—Jeremiah S. Davis, Bahá’í
I like how that disingenuous little jab was slipped in after such an ostensibly tolerant opening. Somehow criticizing the details of belief is considered by this reader to be the exclusive domain of religious polemicists. Absurd, eh? Ironic that Mr. Davis later converted to Christianity.
Some entries just struck me as revealing. This one reveals the Islamic underbelly of the religion:
Dear Friends: Peace be unto you, It is a shame that I, an 18 year old niave and child (who can’t spell)knows more about true Islam that most who inquire to attack the Holy Faith of the Bayan. Submission is the key to Islam and indeed to all world religions…
A number of Bahá’ís were upset about my anonymity at the time, though for the most part the subject matter had nothing to do with my personal experience. Evidently, it did not occur to them that I may have been concerned about the personal consequences of angering believers.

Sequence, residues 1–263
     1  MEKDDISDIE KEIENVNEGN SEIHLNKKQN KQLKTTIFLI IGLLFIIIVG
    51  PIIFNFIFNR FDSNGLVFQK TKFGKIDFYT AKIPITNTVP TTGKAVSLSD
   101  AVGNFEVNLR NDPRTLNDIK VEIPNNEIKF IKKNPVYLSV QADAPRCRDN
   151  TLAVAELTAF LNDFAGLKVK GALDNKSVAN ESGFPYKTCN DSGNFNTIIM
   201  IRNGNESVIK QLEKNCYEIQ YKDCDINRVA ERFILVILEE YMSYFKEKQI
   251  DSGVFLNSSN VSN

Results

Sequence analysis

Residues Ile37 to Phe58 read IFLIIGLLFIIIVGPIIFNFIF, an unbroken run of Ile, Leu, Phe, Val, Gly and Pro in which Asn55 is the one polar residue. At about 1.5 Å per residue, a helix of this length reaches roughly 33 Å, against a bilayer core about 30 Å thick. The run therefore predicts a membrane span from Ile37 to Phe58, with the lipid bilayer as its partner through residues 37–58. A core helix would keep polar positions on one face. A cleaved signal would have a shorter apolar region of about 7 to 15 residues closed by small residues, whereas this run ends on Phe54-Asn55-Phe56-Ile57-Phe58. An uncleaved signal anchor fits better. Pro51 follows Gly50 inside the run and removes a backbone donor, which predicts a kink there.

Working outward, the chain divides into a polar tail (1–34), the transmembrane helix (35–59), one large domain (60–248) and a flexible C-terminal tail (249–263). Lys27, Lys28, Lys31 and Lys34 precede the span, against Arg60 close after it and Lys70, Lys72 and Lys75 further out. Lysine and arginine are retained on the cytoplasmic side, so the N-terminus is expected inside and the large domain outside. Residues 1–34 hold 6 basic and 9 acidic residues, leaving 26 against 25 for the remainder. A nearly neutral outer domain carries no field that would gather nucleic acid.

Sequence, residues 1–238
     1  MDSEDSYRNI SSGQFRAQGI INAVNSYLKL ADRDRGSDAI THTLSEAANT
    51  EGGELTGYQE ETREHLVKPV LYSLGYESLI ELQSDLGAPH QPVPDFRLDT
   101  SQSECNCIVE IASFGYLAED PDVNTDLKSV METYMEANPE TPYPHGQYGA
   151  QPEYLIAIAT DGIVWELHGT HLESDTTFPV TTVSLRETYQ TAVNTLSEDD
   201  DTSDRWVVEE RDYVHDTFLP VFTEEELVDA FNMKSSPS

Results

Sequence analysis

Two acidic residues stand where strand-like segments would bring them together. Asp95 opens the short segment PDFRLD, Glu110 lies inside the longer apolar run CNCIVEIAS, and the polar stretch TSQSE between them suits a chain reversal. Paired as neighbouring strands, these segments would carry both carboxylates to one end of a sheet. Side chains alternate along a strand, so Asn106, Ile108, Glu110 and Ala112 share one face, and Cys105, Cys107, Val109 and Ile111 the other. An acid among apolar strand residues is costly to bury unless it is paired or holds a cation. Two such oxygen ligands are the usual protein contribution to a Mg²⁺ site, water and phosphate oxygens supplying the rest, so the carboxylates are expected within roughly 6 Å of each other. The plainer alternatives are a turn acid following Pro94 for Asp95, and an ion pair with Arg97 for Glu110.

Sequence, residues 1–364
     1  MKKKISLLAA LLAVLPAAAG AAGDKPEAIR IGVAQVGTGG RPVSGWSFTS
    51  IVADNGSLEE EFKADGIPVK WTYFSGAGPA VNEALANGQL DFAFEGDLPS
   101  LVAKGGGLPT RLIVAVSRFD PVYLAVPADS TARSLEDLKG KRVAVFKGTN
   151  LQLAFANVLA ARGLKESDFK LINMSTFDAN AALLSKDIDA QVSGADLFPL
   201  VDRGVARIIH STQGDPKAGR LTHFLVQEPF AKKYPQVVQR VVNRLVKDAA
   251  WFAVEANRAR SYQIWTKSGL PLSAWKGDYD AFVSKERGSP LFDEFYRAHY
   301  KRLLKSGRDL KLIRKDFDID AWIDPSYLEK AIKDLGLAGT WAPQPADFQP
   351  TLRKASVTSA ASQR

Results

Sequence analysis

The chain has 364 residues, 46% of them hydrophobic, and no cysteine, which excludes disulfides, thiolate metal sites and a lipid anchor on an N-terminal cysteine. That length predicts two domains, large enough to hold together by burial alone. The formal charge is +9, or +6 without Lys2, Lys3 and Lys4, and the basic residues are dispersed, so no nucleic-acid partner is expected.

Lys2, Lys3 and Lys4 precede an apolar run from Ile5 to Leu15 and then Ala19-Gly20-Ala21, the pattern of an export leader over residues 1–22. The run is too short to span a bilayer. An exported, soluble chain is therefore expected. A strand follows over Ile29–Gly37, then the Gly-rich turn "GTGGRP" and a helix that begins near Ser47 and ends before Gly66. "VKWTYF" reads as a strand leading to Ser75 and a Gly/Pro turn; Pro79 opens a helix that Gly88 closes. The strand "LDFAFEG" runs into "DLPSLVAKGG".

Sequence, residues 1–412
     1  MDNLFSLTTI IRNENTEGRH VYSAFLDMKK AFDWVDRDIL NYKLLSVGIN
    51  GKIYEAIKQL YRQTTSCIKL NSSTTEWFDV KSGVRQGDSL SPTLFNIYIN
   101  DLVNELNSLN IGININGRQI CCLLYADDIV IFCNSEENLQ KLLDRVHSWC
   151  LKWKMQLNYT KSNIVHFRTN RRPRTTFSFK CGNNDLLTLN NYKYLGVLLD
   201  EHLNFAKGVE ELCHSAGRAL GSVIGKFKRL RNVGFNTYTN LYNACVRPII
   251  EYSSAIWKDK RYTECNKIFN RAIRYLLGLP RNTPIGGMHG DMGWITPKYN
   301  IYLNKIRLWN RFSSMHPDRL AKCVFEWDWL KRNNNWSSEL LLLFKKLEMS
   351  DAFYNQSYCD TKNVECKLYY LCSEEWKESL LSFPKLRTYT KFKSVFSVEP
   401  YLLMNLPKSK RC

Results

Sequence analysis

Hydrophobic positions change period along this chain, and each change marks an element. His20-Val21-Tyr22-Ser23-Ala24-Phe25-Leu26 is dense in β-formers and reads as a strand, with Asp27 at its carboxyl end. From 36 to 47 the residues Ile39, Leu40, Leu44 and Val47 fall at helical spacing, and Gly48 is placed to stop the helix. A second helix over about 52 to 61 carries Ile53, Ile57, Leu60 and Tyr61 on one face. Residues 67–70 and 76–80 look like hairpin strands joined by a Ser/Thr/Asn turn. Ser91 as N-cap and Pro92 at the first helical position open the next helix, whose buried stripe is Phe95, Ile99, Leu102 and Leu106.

Who are you? Academic and journalistic ethics require an author to identify themselves and acknowledge bias. Your site includes no attribution, authorship or even bylines. …
—Michael A. Russell, Bahá’í
Once again the avowed enemies of the Baha’i Faith have conjured up half-truths and unwitting interpretations of Baha’i Writings and history to justify religious prejudice in the name of God; this time in a website that in the typical cowardly way does not devulge its author(s) name.
—Robert Stauffer, Bahá’í
Dear Anonymous, It is interesting that you have chosen to attack the Baha’i Faith anonymously. Certainly you are free to disagree with it and even to slander or misrepresent it. But it is the height of cowardice to do so without identifying who you are, don’t you think? If indeed you believe so strongly about the Baha’i Faith, one would think you would be willing to say so without having to hide your identity. Certainly such anonymity impinges on your credibility and your alleged scholarship.
—Paul Dodenhoff, Bahá’í scholar, three months before his resignation from the Bahá’í Faith.
I kept silent about my apostasy for eight years. I had learned early on that my parents could not handle even discussing the possibility that I might lose my faith, so I took my infidelity underground.